It also assists in matching your application details with your credit history and other personal information, which helps in the overall assessment of your creditworthiness and whether you’re eligible for car finance.

    Proof of income and employment history

    How lenders assess your income and employment stability

    Lenders will evaluate your income and employment stability to determine your ability to repay a car loan. To be able to verify your income, they’ll typically require:

    📃 Recent payslips

    📃 Tax returns

    📃 Bank statements

    Lenders will look for stable, regular income as it indicates financial reliability, reducing their risk. They’ll also consider the length of time you’ve been with your current employer, as long-term employment suggests stability and a lower risk of job loss. This’ll assure them that you’re able to repay them too.

    The importance of employment history in securing finance

    Lenders not only look at your current employment status, but they’ll look at your employment history too. It’s a critical factor in obtaining car finance. 

    Lenders like a consistent work record with minimal job changes, as it reflects financial stability and reliability. A stable employment history, ideally with long tenures at previous jobs, demonstrates that you are less likely to experience sudden income disruptions. 

    This stability reassures lenders that you can maintain regular loan repayments, thereby improving your chances of being approved for car finance on favourable terms.

    Background checks for selling a financed car

    Like any car sale, if you’re selling a car on finance, you’ll have to prove you own the vehicle so you’re not defrauding your buyer.

    The documents you’ll need to provide include:

    Proof of address and address history

    Address history matters to lenders as it provides crucial insights into your stability and reliability as a borrower. This includes:

    🏠 Residency verification: You’ll need to be able to give three years’ proof of address within the UK. This helps confirm your identity and reduces the risk of fraudulent applications.

    🗓️ Stability assessment: Longer periods at the same address indicate stability, suggesting you are less likely to move frequently or experience disruptions that could affect your ability to repay loans.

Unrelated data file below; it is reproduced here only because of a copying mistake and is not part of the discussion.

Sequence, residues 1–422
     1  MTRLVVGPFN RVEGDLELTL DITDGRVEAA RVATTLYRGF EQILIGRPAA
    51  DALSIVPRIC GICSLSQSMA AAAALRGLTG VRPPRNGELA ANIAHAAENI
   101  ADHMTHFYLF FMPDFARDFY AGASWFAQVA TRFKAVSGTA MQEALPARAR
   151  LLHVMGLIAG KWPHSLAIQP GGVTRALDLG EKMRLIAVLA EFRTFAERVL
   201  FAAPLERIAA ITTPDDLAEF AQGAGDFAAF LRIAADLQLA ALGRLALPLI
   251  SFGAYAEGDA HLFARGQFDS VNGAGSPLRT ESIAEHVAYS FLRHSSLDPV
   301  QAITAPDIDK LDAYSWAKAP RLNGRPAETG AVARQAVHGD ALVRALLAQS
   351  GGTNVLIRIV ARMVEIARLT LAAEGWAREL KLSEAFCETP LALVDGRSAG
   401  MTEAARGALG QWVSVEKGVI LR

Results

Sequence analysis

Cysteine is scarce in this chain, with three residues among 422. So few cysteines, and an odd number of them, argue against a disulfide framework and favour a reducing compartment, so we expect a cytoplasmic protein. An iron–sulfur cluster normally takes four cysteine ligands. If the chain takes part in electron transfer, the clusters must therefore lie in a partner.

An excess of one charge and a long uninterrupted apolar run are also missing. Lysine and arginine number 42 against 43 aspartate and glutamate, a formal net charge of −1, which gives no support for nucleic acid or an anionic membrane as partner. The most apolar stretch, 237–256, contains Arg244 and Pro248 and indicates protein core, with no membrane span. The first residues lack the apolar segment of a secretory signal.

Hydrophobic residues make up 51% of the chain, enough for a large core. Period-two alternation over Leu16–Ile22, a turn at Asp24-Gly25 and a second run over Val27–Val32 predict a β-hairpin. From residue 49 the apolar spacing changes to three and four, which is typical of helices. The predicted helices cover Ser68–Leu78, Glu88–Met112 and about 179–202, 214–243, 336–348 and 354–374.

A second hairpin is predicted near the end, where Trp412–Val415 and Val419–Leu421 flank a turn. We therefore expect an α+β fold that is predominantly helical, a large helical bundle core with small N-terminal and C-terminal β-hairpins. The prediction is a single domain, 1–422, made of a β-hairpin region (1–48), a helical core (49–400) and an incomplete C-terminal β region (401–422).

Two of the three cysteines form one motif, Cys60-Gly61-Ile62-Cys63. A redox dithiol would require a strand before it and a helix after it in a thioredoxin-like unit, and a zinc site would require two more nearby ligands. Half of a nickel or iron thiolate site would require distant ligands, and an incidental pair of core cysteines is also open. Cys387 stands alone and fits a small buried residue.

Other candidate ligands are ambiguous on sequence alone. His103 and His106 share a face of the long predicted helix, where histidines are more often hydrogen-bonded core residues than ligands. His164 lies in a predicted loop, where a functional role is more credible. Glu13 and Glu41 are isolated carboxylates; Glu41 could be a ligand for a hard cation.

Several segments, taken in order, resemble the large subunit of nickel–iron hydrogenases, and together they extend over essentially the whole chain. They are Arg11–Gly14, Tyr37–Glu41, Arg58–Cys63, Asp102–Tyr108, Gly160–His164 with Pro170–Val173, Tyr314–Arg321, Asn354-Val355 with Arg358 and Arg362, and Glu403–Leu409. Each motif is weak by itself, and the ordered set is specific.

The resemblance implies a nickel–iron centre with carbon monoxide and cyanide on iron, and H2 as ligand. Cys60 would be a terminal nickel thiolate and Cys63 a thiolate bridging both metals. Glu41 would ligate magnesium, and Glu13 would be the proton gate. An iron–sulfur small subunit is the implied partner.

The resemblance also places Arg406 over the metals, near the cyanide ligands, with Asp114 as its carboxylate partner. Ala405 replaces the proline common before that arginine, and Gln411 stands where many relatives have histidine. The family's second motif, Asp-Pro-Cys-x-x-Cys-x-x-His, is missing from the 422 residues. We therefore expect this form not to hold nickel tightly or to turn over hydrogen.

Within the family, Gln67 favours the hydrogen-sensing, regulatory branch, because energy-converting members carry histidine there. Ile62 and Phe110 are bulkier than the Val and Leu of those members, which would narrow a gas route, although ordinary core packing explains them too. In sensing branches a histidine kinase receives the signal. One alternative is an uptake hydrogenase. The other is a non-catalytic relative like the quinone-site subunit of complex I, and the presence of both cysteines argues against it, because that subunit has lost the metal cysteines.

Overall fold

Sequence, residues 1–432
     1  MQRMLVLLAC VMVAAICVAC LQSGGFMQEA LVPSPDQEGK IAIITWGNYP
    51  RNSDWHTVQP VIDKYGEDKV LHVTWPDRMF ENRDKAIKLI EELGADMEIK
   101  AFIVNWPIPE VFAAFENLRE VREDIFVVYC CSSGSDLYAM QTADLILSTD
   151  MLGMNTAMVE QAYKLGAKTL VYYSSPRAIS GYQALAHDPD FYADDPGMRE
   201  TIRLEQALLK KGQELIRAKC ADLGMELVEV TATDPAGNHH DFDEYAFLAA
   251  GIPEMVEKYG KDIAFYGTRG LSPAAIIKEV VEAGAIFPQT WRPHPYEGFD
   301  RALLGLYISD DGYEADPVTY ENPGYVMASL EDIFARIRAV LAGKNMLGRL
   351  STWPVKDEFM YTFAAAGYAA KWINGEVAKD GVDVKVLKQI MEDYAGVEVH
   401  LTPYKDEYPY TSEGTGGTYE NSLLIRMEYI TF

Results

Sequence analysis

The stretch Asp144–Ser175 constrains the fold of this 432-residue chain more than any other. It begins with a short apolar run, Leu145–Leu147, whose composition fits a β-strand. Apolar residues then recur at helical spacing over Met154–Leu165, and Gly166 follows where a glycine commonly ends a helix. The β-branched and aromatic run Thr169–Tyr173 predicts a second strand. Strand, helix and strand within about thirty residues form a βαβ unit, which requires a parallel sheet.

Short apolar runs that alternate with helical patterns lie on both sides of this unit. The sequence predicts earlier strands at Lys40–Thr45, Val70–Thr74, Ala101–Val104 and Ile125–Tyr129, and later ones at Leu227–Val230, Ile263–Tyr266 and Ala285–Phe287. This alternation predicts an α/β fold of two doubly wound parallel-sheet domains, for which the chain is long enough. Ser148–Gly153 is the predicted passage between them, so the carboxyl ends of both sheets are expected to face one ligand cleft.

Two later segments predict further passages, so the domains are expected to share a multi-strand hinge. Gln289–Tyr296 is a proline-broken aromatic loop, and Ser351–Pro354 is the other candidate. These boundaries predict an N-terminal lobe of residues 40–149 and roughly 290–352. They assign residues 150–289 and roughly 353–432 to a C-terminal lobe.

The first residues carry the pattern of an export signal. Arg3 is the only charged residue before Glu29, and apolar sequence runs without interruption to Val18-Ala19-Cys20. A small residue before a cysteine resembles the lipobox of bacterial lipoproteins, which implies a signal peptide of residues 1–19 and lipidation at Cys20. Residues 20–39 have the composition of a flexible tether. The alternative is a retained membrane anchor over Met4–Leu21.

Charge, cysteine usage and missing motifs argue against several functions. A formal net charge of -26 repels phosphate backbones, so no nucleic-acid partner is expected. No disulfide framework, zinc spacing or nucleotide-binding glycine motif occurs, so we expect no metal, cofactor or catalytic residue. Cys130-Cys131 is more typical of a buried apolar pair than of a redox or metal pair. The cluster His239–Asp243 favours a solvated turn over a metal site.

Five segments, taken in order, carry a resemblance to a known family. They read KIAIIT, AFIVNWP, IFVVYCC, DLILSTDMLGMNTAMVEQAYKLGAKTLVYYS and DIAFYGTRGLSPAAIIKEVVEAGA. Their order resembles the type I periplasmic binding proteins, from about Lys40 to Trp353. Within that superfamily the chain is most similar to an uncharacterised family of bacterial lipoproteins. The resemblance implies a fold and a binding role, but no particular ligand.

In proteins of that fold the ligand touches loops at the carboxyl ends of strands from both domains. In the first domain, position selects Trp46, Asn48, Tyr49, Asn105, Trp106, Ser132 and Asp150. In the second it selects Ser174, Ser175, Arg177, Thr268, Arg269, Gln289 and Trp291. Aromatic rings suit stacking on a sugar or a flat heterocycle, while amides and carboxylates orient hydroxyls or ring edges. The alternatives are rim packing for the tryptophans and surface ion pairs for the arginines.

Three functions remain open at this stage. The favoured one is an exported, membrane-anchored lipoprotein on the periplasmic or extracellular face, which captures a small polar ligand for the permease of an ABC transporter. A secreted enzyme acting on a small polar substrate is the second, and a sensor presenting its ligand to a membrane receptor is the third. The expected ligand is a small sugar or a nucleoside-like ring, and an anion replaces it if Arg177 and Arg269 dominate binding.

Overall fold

💷 Credit risk evaluation: Your address history is linked to your credit report, showing previous credit accounts and payment histories associated with each address. Lenders assess this data to gauge your creditworthiness and ability to manage financial obligations.

    📪 Contact information: Having accurate and up-to-date address information ensures lenders can reach you for essential communications regarding your loan application or account management.


    Why would I not get accepted for car finance?

    Several factors can lead to rejection for car finance, including:

    🚨 Poor credit history: Previous defaults or missed payments.

    🚨 Insufficient income: Leads to not being able to afford repayments.

    🚨 High debt levels: Existing debts that impact the ability to repay the loan.

    🚨 Limited employment stability: Short work tenures or irregular income.

    What credit score is needed for car finance in the UK?

    A good credit score of 700 or above improves your chances of approval for competitive car finance rates. However, specific requirements vary by lender. Some may accept lower scores with conditions, while others prioritise excellent credit for lower interest rates and better terms.

    Can I get car finance with a guarantor?

    Yes. You can often secure car finance with a guarantor. A guarantor provides assurance to lenders by agreeing to cover repayments if you default. This arrangement can increase your chances of approval, especially if you have limited credit history or a lower credit score.

    Should you sell your car?

    Want to learn more about the best ways to sell your car? Check out more of our guides here, covering everything you need to know about different finance schemes and what they mean for you as a car owner.